Top Customer Reviews

Format: Paperback
I suspect there are going to be the almost inevitable comparisons between Miles Cameron and the likes of George R. R. Martin and Joe Abercrombie. First off, The Red Knight is one massive doorstop of a book, honestly it's HUGE. Also, much like the novels that make up A Song of Ice and Fire, each new chapter tends to shift point of view between the different characters. Like Abercrombie, Cameron likes to go uncensored when it comes to the violent moments, nothing gets sugar coated here. Be prepared to witness the horror of war and battle in all of its brutal, gory glory.

It helps with a book of this size that there is huge cast of memorable characters to discover. They add a sense of real depth to the plot. As is often the case, I found myself enjoying the characters that were darker in tone. It's the psychopaths and sociopaths who I always find notable. In The Red Knight there are a number of standouts like Bad Tom who lives for little but violence and the unrestrained joy he finds in the midst of a melee. Or Jean d'Vrailly, the self-styled "greatest knight in the world". Even the Red Knight himself displays his dark side on more than one occasion. These three characters are undoubtedly flawed in one way or another but it makes them just so damn interesting to read. I'd go so far as to say that they made the book for me, especially Bad Tom.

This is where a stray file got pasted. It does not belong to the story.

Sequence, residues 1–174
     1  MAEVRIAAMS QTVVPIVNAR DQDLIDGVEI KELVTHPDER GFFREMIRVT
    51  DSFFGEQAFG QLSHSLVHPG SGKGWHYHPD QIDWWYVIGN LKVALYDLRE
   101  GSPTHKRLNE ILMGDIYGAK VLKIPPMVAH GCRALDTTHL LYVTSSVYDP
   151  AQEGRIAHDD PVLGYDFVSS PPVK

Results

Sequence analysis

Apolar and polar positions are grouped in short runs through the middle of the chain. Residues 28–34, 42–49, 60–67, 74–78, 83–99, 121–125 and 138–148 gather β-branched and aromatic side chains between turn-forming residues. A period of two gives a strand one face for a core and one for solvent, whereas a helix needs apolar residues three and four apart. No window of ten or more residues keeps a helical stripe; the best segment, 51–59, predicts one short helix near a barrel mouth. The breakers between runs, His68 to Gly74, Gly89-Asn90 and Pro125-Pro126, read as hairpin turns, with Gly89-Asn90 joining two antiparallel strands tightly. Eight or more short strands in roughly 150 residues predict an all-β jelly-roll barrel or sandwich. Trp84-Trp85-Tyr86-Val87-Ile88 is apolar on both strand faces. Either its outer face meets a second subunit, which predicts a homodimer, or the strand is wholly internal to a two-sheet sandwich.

Cameron also appears to take a perverse delight in naming almost all the characters that appear, including the minor ones. It's highly likely I'll never know how the likes of No Head, Wilful Murder and Long Paw came to be named. It's never really explained just the occasional oblique reference. I kinda like that though. It hints at many untold stories which exist but the reader just hasn't uncovered them yet, it's a nice touch.
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Format: Hardcover Vine Customer Review of Free Product ( What's this? )